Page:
Nevertheless, anonymity may not be a critical point anymore. Some recent research on trolls corroborates my findings. In the harassment of women in the video-gaming community, known as “Gamergate” (Dewey 2014); in the attacks on the Ghostbusters actress Leslie Jones (Brown 2016); and in the study of comments on online petitions published on a German social media platform between 2010 and 2013, anonymity and public identities are both used (Rost, Stahel, and Frey 2016). Because online aggression is rewarded in their social networks, some trolls prefer not to hide their identities (Coren 2016). Ceren Sözeri (2016), for instance, describes how some progovernment journalists act like political trolls; in fact, they sometimes lead the attacks. A disturbing fact is that political trolling may now be used within more mainstream politics all over the world. A BuzzFeed report (Spence 2018) claimed that conservatives in the United Kingdom had formed a Twitter group to use political trolling tactics against the Labour Party leader. At the time of writing, Serbia’s governing party admitted to having thousands of “bots” to write positive comments about President Aleksandar Vucic and his party (Piše:Danas Online 2018). It is now common knowledge that in most cases, under political trolls’ seeming anonymity, there are often connections to power bases. In another case, the hacked emails of white nationalist troll Milo Yiannopoulos demonstrated that he had connections to some prominent figures inside Silicon Valley but also to explicitly white nationalist circles and families of billionaires (Wagstaff 2017). In some countries, political trolling has already become an industry (Ong and Cabanes 2018), and the Philippines’s President Rodrigo Duterte has admitted he paid an army of social media trolls (Ng 2017).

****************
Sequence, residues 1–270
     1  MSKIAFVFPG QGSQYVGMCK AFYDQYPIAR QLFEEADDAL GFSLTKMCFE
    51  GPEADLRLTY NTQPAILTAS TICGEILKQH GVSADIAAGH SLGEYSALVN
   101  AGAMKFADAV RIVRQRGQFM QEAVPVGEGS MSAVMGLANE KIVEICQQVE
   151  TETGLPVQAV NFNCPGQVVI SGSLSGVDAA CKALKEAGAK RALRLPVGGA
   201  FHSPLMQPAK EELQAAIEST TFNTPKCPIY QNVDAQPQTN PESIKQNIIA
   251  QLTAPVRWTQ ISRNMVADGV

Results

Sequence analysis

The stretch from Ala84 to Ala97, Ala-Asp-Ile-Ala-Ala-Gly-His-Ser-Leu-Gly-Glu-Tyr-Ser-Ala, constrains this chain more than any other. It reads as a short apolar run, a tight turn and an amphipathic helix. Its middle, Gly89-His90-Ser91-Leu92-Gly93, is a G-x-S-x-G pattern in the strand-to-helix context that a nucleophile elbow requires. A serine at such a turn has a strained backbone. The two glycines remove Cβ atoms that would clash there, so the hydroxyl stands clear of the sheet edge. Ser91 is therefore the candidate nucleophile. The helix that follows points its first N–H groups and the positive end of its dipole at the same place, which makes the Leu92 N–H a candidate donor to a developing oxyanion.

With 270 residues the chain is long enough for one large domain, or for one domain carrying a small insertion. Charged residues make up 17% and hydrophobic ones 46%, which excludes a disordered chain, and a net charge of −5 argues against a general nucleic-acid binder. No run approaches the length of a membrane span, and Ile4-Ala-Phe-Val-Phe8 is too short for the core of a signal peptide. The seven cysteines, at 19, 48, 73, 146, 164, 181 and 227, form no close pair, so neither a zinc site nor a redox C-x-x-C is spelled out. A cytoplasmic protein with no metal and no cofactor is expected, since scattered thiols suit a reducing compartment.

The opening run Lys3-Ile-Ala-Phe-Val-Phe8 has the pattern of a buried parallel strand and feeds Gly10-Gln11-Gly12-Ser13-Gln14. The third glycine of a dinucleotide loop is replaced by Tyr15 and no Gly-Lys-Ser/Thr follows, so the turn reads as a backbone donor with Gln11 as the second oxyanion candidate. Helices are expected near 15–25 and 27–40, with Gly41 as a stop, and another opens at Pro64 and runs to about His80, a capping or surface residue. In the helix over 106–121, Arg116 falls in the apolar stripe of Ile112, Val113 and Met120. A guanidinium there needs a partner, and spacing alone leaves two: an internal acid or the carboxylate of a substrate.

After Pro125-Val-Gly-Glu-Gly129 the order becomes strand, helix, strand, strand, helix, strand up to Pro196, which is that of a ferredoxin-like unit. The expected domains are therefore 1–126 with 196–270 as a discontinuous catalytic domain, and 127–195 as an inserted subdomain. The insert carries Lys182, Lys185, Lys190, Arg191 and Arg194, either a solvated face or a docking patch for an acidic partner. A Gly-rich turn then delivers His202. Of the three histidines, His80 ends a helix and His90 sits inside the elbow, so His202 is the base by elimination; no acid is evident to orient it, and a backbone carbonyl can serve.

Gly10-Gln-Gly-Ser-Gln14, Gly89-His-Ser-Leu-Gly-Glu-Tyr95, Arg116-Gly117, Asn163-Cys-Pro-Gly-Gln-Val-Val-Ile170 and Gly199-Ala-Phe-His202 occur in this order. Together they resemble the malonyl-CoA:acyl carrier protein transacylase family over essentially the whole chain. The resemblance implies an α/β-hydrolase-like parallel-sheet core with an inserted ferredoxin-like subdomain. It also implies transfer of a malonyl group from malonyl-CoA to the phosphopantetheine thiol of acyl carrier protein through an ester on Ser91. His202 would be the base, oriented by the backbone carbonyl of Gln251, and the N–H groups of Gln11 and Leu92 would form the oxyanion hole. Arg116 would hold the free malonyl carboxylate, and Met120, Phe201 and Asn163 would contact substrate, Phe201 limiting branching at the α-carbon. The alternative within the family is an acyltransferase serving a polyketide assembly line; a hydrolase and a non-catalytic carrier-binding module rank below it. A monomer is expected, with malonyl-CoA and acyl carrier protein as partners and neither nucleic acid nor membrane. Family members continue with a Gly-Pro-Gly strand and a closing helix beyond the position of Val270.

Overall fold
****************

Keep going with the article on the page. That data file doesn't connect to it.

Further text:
An empirical context can be valuable for understanding political trolling. In this section, I will refer to literature that reports different uses of trolling all over the world, and I will compare them with AKTroll practices. As Phillips (2015) noted, even within the same trolling group, there might be considerable behavioral variation. It should also be noted that there are always emerging and overlapping cases.